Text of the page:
But the capitalism argument is to allow the market to do its bidding. But what is its bidding right now? In the last decades it has been towards a re-concentration of wealth. Plutocracy is coming back with force. And yeah the plutocrats have made a lot of good stuff. The argument goes that they might do even better stuff if the government wasn't messing with their ambitions through socialistic regulations. Imagine all the economic growth they might unleash if they were allowed to employ the proles for peanuts! What's wrong with slave camps if you get cheap cotton, huh?
Besides the hate and contempt I feel for the plutocrats (which you could say it's just envy), the problem I see with plutocracy is that I don't like the trends I see. For one I don't see most plutocrats pushing for a system to maximize economic growth. What I see is them pushing for endless migration of cheap labor for them to use. Even if I didn't care about the left half of the bell curve having their wages depressed, I do object to Brazilization of the whole world. It seems to me, and many of us, that the plutocrats aren't fighting to expand human wealth. They are fighting to become an endogamic caste lording over the mongrel masses. They want to become the equivalent of the Mexican ruling class. They want to have their status guaranteed for generations. I don't blame them, humans are status driven. The corollary of female hypergamy is that all men want to be the top dog. And even is there is no end to status competition, a caste system is the best solution. The only way to guarantee your status in the top is that everyone else is biologically upwardly immobile.
And if that doesn't work, what we are seeing is a hard push for the AI singularity. If you can't have cheap labor to lord over, they'll have no labor at all. Robin Hanson's "ems" theory is positively apocalyptic. I don't know how feasible it is, but we do have increasing automation these days. Of course the irony here is that we are automating productive processes with the end purpose of selling the products to someone. But if economic logic says that most people aren't employable and so should have no income, then who are we selling all this stuff to? Why produce it at all?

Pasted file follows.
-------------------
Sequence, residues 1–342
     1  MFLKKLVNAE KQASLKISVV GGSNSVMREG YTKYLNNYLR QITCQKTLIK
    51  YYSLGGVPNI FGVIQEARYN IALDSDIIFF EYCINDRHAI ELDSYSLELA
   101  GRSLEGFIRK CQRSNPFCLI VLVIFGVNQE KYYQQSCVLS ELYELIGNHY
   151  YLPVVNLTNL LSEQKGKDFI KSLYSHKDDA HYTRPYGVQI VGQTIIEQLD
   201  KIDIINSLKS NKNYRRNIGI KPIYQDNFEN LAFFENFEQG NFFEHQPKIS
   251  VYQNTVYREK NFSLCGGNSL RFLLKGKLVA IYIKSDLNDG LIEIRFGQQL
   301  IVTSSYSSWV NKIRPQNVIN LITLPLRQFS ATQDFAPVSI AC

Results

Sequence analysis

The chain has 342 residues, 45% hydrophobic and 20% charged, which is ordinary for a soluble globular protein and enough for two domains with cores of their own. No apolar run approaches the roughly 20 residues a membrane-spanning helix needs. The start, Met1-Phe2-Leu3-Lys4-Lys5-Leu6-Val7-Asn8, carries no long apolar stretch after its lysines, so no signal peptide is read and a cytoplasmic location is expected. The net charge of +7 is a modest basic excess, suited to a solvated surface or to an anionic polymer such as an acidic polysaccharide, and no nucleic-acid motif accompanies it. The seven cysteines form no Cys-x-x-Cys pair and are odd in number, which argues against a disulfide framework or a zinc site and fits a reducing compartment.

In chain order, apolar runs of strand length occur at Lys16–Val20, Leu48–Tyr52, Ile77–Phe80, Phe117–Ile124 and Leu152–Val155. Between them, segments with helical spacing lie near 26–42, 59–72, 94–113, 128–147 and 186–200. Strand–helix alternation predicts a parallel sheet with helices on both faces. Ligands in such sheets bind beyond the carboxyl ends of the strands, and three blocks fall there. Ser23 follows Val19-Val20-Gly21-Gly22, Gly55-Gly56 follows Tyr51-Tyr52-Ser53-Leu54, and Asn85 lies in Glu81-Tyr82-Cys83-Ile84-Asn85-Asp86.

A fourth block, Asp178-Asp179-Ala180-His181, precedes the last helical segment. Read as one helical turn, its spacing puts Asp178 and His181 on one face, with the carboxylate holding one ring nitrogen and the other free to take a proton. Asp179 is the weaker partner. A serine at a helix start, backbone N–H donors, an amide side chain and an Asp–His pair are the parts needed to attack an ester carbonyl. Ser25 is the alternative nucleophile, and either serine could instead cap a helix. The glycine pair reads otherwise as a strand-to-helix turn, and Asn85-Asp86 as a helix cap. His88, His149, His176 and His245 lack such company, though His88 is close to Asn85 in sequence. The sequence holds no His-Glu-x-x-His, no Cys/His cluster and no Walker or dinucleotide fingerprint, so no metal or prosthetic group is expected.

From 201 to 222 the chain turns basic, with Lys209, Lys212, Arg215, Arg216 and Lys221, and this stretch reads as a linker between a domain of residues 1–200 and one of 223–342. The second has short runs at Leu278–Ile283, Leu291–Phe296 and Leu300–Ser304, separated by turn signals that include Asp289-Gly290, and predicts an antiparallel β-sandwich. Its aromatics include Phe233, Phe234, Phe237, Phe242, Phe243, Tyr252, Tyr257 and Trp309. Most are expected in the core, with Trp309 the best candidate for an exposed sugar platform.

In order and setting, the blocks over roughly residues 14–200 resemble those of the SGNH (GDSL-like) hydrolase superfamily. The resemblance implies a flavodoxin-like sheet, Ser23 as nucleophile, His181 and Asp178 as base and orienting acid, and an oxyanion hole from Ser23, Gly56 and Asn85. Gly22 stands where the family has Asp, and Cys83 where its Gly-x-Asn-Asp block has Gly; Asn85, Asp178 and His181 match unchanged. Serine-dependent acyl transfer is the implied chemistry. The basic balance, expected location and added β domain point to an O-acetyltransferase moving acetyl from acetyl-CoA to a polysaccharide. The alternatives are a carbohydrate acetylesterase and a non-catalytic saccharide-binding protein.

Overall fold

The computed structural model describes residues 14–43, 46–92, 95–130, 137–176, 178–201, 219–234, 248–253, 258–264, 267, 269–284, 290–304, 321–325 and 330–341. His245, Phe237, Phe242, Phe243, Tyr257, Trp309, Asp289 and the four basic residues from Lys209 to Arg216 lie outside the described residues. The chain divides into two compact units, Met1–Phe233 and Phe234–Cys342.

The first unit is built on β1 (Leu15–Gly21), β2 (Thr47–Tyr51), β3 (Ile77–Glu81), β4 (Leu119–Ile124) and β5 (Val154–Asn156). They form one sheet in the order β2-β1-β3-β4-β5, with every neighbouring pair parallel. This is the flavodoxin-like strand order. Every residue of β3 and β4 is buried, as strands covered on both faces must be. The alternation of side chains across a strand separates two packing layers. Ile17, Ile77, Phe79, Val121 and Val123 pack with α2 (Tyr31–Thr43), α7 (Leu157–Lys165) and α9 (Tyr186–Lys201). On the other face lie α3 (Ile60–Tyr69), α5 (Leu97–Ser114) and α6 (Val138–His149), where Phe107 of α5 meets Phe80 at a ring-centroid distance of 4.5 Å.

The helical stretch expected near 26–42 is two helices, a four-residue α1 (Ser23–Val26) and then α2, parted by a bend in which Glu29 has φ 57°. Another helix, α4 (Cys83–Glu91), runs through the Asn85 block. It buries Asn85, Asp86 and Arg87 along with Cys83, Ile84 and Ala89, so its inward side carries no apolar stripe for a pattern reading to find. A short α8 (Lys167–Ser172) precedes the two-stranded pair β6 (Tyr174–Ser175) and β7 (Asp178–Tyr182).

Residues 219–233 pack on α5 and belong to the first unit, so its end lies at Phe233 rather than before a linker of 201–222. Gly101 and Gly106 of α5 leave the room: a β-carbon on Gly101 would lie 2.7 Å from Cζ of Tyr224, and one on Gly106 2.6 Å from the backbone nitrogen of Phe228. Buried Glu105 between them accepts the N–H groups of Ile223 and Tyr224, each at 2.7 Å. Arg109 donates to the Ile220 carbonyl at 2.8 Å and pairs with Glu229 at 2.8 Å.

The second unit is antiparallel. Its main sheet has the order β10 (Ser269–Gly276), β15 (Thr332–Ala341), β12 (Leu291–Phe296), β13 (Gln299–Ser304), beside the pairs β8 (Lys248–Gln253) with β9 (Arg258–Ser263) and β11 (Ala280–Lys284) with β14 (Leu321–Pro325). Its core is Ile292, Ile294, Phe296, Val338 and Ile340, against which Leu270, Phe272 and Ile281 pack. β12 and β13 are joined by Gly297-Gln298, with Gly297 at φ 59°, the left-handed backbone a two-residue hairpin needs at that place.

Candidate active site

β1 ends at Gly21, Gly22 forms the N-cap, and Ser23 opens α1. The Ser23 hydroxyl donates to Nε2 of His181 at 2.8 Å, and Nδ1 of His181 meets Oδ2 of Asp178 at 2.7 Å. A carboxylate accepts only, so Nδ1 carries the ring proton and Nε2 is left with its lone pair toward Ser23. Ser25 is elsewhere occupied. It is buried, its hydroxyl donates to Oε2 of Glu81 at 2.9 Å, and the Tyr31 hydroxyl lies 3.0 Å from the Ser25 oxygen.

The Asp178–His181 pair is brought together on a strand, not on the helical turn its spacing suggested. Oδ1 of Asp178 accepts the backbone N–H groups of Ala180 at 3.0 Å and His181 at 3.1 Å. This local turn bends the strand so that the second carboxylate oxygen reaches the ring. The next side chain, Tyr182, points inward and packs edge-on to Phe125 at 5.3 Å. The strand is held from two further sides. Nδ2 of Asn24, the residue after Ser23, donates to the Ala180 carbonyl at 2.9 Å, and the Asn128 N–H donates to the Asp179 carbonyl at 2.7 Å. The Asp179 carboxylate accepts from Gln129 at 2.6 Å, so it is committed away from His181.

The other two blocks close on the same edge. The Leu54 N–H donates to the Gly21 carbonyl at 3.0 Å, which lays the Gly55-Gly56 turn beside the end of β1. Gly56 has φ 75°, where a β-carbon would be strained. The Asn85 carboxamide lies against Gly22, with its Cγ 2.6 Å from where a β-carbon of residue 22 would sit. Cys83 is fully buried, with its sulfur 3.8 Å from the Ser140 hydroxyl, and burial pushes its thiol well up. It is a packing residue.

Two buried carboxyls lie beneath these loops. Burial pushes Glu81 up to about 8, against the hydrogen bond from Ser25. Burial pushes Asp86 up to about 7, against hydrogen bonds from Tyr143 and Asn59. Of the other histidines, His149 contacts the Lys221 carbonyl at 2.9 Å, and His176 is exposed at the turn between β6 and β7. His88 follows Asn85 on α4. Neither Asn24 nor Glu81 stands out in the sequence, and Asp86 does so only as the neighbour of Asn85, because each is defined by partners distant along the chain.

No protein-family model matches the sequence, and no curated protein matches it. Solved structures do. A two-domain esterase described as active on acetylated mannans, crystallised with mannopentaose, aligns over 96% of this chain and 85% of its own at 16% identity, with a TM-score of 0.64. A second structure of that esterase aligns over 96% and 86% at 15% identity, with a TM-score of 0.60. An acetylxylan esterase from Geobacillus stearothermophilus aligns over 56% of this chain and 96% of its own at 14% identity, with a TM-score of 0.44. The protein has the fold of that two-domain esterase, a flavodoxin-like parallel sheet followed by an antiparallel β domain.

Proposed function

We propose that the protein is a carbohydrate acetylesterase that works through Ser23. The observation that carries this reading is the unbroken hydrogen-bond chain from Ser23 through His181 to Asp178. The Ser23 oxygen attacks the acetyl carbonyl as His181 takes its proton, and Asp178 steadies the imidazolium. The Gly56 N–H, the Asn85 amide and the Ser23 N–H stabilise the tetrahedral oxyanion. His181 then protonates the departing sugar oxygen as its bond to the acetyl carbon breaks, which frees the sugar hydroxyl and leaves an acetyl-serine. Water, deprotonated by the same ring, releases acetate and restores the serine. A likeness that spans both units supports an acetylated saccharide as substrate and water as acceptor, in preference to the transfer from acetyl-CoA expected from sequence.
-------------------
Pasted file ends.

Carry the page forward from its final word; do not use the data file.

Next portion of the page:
People acquire stuff because, 1: they produce something in exchange, or 2: they can take it by force. Taking it by force might be old fashioned banditry, or sophisticated politics, where a branch of the ruling class funnels stuff to you with the hidden assumption that if you're not given stuff you might become a violent mob. Of course the military significance of popular mobs today is close to nil. But most people haven't noticed that yet. Our political arrangements are based on the military balance of the early 19th century. If you don't give us democracy we'll rebel à la 1848. But of course no popular uprising could succeed today if the state was willing to fight back. The military today does depend on the loyalty of the soldiery, which also feeds upon a sense of ethnic solidarity. But for how long?
At the end of the day, political systems don't depend on productive capability per se, or in ideology. They depend on military technology. A lot of assumptions about the future are based in the idea that people won't go to war anymore so it's all about economic interaction. But it's not, in the end it's still about how has the bigger guns. Can a plutocratic Brazilianized US hold to their military superiority? Or will tight-knit Finland's superior asabiyyah allow it to develop a superior automated army that allows them to resist USG interference? Or will capitalism reach the singularity, develop Skynet, be destroyed by it, and leave the world to the Mormons, Amish and Haredim who kept on breeding while everyone else enjoyed the Matrix being amused to their death?
In the end that's all that matters.